Check the online version, I often update my slides.

Talk detail

Do not use MD5 to hash user passwords! Do not use SHA-x! Yeah, but why? I'll show you, donut worry. We'll talk about password cracking, what are the speeds, how passwords are cracked on GPUs, and of course how to defend against cracking. As an example, I'll use a recent data leak where 750k plaintext passwords have surfaced from a site that supposedly used MD5. We'll also explain what a salt is and what it's not, and that it's not there to prevent cracking, and that's fine. Eventually, I'll explain what slow hashes like bcrypt or Argon2 are and how to use them in PHP. Let's get cracking!

Date and event

October 28, 2018, phpCE 2018 (talk duration 50 minutes, 42 slides)


Cracking and storing passwords

#1 A talk about modern password cracking. What techniques, tools and hardware is used to crack passwords blazingly fast. We'll also talk about what PHP developers can do to secure their users' passwords.

Jack92 → hash

#2 If an application stores users' passwords, it should store them hashed. That means a secure password hashing function is used to calculate a hash which is then stored in a database. But you already know this, right? Right?

Jack92 ↚ hash

#3 Hashing functions are so called one-way functions. You can't “decrypt”, or “unhash”, a hash and get the original password back. Hashing is not encryption, a hash function is not a cipher. With encryption, if you know the encryption key, you can decrypt the original data. A hash could be viewed as a checksum, or even as a fingerprint. You can't reconstruct the “full human” from the fingerprints found at the crime scene, but you can search the fingerprint database and compare what's in there with what you've found at the scene.

Passwords ⇛ hashes == hash?

#4 That's similar to password cracking. We'll somehow generate so called password candidates, calculate their hashes and see if we can find them in the database we have available. This is called offline password attack: the attacker has hashes and tries to crack them without sending anything over the wire. During an online attack, the attacker inputs passwords to login forms in an automated way. The total cracking time depends on the speed of generating those candidates and their “quality”.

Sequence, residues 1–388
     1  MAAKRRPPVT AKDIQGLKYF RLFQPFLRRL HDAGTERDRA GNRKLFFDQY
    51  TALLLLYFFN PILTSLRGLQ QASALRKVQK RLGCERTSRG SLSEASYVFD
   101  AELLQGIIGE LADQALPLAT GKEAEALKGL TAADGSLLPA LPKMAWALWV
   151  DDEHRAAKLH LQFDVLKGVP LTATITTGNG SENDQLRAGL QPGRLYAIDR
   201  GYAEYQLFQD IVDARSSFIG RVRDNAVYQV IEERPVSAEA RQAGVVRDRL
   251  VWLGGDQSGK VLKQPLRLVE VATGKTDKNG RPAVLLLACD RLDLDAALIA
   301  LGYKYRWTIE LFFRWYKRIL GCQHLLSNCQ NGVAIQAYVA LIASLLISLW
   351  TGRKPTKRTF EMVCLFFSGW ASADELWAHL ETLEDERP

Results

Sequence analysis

#5 The most primitive way of attacking password hashes is a brute-force attack. No, it's not “brutal force”, don't call it that way.

aaa, aab, aac, aad, aae, aaf ⇛ hashes == hash?

#6 Brute-force attack will just try all possible combinations. To attack an eight-character long password we'd need to calculate hashes for:

  • aaaaaaaa
  • aaaaaaab
  • aaaaaaac
  • aaaaaaad
  • aaaaaaae

… and so on, and compare them with one or more hashes we have obtained from the database. This technique is slow because most of the candidates won't ever be used as a password by anybody. Users are predictable and their passwords too, unless they use a password manager, of course. And even if they do, password managers usually generate passwords longer than 15 characters and such passwords cannot be cracked by brute-force either. It would just take ages to generate such candidates.

Dictionary Attack

#7 Slightly better way of generating password candidates is a “dictionary attack”. Let's try only those words from a dictionary or some other known list (sometimes called a wordlist), because users know them and use them as their passwords. Users try to be clever though, and will somehow modify the selected word, sometimes because they're forced to do so by a password policy set by their system administrator. You know, the infamous “Your password must contain at least one capital letter and a number!” error message. An old-school dictionary attack is not very successful anymore.

Rainbow Tables

#8 A thing called “Rainbow Tables” is a specific implementation of precomputed tables. It was used quite often when dinosaurs still roamed the Earth but now there are more effective ways.

Precomputed tables